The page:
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HIV infection rates are falling in many African countries, and effective drugs are increasing the life expectancy of patients. But the coronavirus pandemic has meant a major setback in the fight against AIDS.
Since the outbreak of the coronavirus pandemic, more than half of the people under Gilbert Tene's care have stopped coming in for their regular checkups, the doctor, who works with AIDS patients at Cameroon Baptist Convention Health Services, told DW. "Patients are reluctant to come to the hospital," Tene said. "We need those patients at the hospital to keep on counseling, to provide them with drugs and to provide them with any other support," he said.
HIV-positive people with access to the right kind of drugs can live for decades without developing AIDS. Going without such medication, however, can be lethal. The South African doctor Zolelwa Sifumba said she witnessed such tragedy daily. "Members of the communities die in hospitals, leaving others afraid to seek medical care," said Sifumba, who tends to patients in the Kwazulu-Natal province. "Those that missed follow-up dates of previously well-controlled conditions like HIV, TB and other conditions come in now dying, because they came in late for multiple reasons, including the lockdown."
This is even more apparent in countries that had recently made great strides in combating HIV. In 2018, the Joint United Nations Programme on HIV/AIDS (UNAIDS) reported the number of new infections in the Eastern and Southern Africa region had dropped by 30% from 2010 to 2017. Mortality rates fell by 42% during the same period. Such rapid progress had not been recorded in other parts of the world. The idea of eradicating AIDS by 2030 will remain utopian. Alas, the coronavirus pandemic is making matters worse. "You see tremendous progress in the epicenter of this epidemic, which is in Eastern and Southern Africa," UNAIDS head Winnie Byanyima said. "There you see the most rapid progress, bringing down new infections, bringing down deaths, happening in the region that is most affected."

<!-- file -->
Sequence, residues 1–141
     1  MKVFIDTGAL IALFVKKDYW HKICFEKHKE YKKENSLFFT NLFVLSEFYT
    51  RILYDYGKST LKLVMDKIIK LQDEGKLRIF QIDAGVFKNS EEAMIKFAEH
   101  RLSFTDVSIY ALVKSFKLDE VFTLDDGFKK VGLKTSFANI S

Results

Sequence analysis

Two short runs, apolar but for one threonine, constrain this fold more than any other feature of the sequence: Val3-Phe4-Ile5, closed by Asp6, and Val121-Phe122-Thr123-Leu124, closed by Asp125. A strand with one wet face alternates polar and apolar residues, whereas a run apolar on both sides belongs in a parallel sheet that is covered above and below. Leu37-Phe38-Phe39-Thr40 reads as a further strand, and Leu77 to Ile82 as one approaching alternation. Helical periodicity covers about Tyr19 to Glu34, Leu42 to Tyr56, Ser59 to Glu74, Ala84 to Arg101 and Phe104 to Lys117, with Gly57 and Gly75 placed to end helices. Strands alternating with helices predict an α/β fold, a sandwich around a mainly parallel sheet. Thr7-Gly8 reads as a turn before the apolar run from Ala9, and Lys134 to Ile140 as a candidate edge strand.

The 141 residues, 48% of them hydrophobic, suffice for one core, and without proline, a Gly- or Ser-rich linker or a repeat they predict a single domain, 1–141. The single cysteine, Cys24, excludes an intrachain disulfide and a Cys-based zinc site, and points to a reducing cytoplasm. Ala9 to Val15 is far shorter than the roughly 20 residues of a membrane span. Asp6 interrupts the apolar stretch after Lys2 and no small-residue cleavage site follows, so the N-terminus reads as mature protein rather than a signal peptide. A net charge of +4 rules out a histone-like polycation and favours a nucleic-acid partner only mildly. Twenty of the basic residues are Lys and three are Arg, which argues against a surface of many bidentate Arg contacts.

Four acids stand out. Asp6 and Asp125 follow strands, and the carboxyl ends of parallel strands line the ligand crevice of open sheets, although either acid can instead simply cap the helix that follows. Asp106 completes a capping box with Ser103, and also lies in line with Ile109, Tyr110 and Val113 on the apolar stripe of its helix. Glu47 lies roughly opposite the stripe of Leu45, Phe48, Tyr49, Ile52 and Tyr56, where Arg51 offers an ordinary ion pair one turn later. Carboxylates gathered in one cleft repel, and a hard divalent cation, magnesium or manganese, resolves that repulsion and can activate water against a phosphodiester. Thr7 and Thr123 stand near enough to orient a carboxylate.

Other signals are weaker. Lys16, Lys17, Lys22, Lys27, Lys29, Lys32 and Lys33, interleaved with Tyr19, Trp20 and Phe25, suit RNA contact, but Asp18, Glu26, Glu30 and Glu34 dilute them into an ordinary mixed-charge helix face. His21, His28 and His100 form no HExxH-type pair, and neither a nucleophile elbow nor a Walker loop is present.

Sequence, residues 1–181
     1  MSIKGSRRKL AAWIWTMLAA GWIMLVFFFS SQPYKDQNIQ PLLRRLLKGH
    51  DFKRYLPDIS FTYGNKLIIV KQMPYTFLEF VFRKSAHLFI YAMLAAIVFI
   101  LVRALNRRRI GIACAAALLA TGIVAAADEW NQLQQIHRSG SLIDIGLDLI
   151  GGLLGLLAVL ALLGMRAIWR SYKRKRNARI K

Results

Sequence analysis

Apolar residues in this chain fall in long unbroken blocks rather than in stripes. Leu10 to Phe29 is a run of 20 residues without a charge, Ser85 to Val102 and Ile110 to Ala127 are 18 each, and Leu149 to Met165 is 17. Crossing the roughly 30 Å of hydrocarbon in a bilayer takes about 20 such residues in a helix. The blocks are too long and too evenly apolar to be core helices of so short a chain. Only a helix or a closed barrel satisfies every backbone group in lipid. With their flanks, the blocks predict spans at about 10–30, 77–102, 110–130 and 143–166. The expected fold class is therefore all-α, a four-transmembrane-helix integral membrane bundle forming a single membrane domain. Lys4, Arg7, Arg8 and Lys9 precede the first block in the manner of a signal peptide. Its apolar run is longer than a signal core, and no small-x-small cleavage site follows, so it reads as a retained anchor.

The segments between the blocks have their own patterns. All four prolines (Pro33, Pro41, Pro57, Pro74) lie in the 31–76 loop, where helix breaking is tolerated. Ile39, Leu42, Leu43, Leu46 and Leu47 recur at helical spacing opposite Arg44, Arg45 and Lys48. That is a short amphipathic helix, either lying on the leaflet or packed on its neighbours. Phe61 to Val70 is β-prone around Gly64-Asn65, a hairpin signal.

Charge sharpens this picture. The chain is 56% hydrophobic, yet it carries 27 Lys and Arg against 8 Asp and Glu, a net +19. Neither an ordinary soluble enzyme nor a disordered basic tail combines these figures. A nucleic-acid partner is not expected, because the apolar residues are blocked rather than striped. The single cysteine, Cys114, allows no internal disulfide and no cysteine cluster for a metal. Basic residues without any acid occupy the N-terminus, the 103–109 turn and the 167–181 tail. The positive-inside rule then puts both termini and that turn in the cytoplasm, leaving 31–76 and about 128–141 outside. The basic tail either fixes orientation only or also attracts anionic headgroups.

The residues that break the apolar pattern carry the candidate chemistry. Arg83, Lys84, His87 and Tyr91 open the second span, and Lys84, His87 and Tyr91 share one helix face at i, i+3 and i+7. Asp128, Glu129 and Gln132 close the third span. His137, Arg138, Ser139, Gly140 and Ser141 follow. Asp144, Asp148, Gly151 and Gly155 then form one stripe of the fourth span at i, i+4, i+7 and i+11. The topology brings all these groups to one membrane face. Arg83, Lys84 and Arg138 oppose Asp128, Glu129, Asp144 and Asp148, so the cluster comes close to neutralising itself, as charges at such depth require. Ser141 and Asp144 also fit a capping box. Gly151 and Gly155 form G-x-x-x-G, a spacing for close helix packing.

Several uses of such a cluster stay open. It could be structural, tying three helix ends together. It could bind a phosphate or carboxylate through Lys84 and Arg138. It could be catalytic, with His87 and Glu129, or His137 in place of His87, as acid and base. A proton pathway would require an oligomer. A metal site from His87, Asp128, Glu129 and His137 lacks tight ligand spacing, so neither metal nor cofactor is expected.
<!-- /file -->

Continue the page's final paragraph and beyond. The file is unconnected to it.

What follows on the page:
Now, UN analysts estimate that the global coronavirus outbreak could cause 290,000 people to contract HIV worldwide. They project that an additional 148,000 people could die from AIDS. Several factors account for this projected spike. One is that HIV patients are avoiding hospitals. Another has to do with sexual violence. "We have data showing that in many countries, when lockdowns were put in place and kids were sent back home from schools, that violence against women and girls peaked in a number of countries," Byanyima said. "Sexual violence against women and girls is one of the main drivers of the pandemic, particularly in Africa." This situation is exacerbated by the fact that fewer people, including pregnant women, are getting tested for HIV during the coronavirus pandemic. This increases the risk that babies could be born with HIV or contract it through breast milk.
The health care systems in many African countries were already struggling with a shortage of doctors and nurses. The coronavirus pandemic is now exerting further pressure on these systems. Medical staff treat HIV-positive patients, people who have developed AIDS sufferers and now those who have COVID-19, as well. This places doctors at tremendous risk. "Insufficient measures to prevent infections and a lack of protective personal protective equipment lead to a rise in infections and deaths among medical staff, which increases staff shortages further," Sifumba said.
The Global Fund to Fight AIDS, Tuberculosis and Malaria (GFATM) could soon be, too. The GFATM — which was founded in 2002 and brings together various governments, companies and international institutions — contributes 20% of the global budget to combat AIDS. This year, the GFATM also began supporting the fighting against the coronavirus. There is concern that resources are stretched too thin to battle two pandemics at once.
"My nightmare scenario here is that the Global Fund to Fight AIDS, TB and Malaria finds itself also dealing with COVID — but with the same amount of money," GFATM head Peter Sands said. "In which case, we will make less progress on all four diseases and more people will die."
Now, it is up to the various national governments that support the fund. One, a global campaign to eradicate extreme poverty and preventable disease, estimates that the fund will require an additional $5 billion (€4.2 billion) to make up for the finances spent fighting the coronavirus pandemic. Most countries are grappling with mounting public debt as the pandemic lingers. As such, it is uncertain whether they will be able to provide the necessary funds to keep up the fight against AIDS.
Moki Kindzeka in Cameroon contributed to this report.